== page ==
With the 2019 NFL Scouting Combine wrapping up on Monday, NFL.com draft analyst Chad Reuter identified his top standouts from the event at each position for his All-Combine Team, beginning with the offense. This team goes deeper than a starting lineup would allow at certain positions -- like RB and TE, defensive line and in the secondary -- to mirror the league's move toward the heavy use of rotations, and the nickelback, in those areas.
NOTE: Click a prospect's name for his full scouting report, including combine results.
Dwayne Haskins, Ohio State
Best team fits:Jacksonville Jaguars, New York Giants.
Analysis: Haskins measured under 6-foot-4 (6-3 3/8, 231 pounds) and ran a 5.04-second 40-yard dash, which is below average for the position. Interestingly, Jameis Winston had similar measurements (6-3 3/4, 231, 4.97) and still went No. 1 overall. Why? Because Winston could spin the ball. Haskins showed the same proclivity during his on-field workout, separating himself from all other participants. His release was clearly the quickest, and the ball jumped to the receiver in a heartbeat. His deep ball was also the most impressive, sailing high and far. Haskins is the class's best thrower, and that's what quarterbacks are paid to do.
Miles Sanders, Penn State
Best team fits:Atlanta Falcons, Detroit Lions, Miami Dolphins, New York Jets.
Analysis: Sanders played in the shadow of Saquon Barkley at Penn State, but he stood out on his own in Indy. After running a 4.49 40, he put up a 36-inch vertical and 10-foot-4 broad jump. Sanders' agility times were among the best of all the backs (6.89 three-cone, 4.19 short shuttle) and he was fluid in drills as well, giving him an all-around performance that locked up a top-100 slot.
Mike Weber, Ohio State
Best team fits:Jacksonville Jaguars, Kansas City Chiefs, Philadelphia Eagles.
Analysis: Injuries and platoons limited Weber's touches in Columbus, but he was quite productive when given a chance. Weber was one of the fastest backs at this year's combine with a 4.47 40-yard dash, and he also recorded a 33 1/2-inch vertical and lifted 22 reps on the bench. Weber's best part of his workout may have been the excellent foot quickness, change of direction and receiving skills he displayed during position drills.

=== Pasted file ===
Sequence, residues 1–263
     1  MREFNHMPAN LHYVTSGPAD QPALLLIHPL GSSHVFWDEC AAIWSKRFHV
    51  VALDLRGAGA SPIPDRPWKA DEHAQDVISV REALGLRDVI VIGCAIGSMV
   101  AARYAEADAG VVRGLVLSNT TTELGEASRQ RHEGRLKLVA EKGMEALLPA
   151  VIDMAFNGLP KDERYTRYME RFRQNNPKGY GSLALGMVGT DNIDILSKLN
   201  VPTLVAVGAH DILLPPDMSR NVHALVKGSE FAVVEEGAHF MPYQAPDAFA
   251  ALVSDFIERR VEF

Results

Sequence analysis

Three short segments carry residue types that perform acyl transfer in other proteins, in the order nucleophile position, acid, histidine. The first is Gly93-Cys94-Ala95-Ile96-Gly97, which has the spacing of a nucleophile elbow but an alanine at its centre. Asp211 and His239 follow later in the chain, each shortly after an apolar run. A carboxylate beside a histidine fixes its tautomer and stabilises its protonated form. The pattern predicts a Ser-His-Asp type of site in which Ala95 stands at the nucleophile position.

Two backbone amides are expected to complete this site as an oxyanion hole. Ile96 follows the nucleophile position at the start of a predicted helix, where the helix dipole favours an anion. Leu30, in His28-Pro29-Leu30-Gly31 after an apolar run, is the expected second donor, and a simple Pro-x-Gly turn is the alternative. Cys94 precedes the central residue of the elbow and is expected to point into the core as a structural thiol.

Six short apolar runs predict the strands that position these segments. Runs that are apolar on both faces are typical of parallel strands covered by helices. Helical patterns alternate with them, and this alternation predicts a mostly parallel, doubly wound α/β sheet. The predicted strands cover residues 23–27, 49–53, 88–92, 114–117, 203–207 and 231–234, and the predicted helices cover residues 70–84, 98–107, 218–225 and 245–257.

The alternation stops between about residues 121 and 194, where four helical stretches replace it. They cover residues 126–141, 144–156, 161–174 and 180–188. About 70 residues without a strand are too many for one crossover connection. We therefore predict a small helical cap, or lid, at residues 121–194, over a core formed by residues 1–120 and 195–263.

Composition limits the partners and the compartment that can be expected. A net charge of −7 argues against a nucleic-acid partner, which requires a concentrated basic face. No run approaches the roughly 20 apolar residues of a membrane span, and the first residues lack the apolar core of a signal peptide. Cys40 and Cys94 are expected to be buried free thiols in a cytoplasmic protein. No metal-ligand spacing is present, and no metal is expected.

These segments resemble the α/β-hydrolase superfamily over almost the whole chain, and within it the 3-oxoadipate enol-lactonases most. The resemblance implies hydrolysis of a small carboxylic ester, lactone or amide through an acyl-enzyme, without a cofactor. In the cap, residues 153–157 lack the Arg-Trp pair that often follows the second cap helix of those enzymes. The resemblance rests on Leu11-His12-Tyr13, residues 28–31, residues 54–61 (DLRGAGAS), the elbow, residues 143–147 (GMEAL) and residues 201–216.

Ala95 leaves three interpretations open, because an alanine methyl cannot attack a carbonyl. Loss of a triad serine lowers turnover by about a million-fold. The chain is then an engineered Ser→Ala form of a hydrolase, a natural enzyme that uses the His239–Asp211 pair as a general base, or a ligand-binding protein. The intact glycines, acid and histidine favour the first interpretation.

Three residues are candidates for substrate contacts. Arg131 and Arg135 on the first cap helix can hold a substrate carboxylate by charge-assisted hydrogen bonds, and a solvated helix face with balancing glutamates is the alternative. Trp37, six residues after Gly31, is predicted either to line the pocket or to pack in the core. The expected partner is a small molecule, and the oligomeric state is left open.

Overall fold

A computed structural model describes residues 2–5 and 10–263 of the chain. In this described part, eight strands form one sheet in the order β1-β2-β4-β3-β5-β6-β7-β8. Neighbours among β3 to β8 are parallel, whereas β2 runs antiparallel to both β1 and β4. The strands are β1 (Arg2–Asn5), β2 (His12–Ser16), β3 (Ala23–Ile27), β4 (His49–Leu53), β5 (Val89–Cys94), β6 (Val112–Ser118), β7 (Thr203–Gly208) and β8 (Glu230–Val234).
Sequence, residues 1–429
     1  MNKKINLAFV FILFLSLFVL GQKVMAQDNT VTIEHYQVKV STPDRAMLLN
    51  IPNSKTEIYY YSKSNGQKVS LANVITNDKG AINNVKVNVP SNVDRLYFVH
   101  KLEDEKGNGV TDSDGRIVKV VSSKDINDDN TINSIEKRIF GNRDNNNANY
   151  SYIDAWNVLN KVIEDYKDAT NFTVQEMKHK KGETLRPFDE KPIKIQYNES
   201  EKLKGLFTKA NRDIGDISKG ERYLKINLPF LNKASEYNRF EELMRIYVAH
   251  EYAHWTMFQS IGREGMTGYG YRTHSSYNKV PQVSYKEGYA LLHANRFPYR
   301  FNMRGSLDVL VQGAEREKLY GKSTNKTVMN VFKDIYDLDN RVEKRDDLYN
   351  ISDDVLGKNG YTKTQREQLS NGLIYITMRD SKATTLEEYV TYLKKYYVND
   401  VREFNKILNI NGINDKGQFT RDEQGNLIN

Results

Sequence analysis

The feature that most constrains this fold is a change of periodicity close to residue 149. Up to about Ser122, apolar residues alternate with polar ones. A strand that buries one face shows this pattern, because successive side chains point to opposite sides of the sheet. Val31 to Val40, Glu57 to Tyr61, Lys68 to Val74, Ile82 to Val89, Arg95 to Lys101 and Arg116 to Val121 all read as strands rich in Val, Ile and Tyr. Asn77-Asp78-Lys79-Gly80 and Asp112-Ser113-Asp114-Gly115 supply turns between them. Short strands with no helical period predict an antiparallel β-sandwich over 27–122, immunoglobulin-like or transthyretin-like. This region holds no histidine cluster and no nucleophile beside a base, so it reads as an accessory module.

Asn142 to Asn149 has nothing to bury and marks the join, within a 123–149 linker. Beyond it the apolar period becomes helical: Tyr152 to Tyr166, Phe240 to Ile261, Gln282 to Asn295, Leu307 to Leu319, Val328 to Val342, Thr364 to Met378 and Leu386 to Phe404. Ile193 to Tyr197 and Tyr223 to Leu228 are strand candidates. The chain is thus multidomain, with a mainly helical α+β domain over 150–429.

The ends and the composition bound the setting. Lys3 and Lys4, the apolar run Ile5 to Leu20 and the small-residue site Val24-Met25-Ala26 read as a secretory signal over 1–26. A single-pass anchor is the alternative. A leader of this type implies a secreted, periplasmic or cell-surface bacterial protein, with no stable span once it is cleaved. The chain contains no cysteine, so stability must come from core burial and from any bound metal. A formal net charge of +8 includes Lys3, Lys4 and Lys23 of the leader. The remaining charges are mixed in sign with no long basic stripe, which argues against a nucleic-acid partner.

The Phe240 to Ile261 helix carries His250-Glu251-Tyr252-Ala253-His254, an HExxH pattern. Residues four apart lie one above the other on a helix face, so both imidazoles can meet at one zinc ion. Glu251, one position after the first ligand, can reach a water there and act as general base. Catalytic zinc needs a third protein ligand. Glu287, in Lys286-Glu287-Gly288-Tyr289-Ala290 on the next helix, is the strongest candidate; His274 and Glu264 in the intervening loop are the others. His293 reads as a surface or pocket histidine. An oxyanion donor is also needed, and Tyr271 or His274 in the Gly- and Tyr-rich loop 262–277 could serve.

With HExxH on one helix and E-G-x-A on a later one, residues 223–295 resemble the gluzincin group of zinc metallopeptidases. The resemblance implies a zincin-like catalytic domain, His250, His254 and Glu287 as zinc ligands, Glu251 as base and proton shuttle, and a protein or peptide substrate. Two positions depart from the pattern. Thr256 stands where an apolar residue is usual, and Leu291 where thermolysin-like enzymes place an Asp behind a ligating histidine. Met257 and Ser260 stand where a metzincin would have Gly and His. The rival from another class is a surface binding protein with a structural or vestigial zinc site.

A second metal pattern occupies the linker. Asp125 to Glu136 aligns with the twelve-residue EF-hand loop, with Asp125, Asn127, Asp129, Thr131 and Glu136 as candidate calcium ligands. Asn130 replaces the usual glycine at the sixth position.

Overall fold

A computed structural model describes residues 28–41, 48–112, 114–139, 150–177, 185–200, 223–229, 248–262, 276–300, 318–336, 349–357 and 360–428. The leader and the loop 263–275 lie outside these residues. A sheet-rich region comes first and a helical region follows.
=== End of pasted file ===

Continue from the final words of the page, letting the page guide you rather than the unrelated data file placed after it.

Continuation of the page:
D.K. Metcalf, Mississippi
Best team fits:Buffalo Bills, New York Jets, Oakland Raiders, San Francisco 49ers.
Analysis: Standing next to Metcalf made me feel like I was from an inferior species. Watching him lift (27 reps), run (4.33 40), and jump (40 1/2-inch vertical, 11-3 broad) in the vertical made all of the other receivers on the field feel the same way. His work in drills was good, too, though his large build made it obvious that his best routes will be verticals. Metcalf's below-average work in the agility drills confirmed that notion. But let's face it -- downfield legends like Calvin Johnson, Julio Jones and Randy Moss did not put up Hall of Fame numbers running curls and hitches. If teams believe Metcalf's neck injury is not an issue and think his ceiling is as high as I do, then he'll land in the top 10 and have a long career pushing around smaller cornerbacks down the sideline and in the red zone.
Parris Campbell and Terry McLaurin, Ohio State
Best team fits:Baltimore Ravens, Cleveland Browns, Detroit Lions, Green Bay Packers, New England Patriots, Philadelphia Eagles, Pittsburgh Steelers.
Analysis: These Buckeyes ripped up the Lucas Oil Stadium turf Saturday. The two similarly sized receivers (6-0, 205-208 pounds) ran among the best 40-yard dashes of the receivers, with Campbell tying for the best mark in the position group at 4.31 and McLaurin coming in at 4.35. Their jumps were among the best, as well (McLaurin recorded a 40 1/2-inch vertical and an 11-2 broad; Campbell a 40-inch vertical and an 11-3 broad). Most importantly, they were two of the more consistent pass catchers on the field after the tests were done. Both have become much more polished receivers in the past year than they were as underclassmen, and that work showed as they ran crisp routes and snatched the ball out of the air.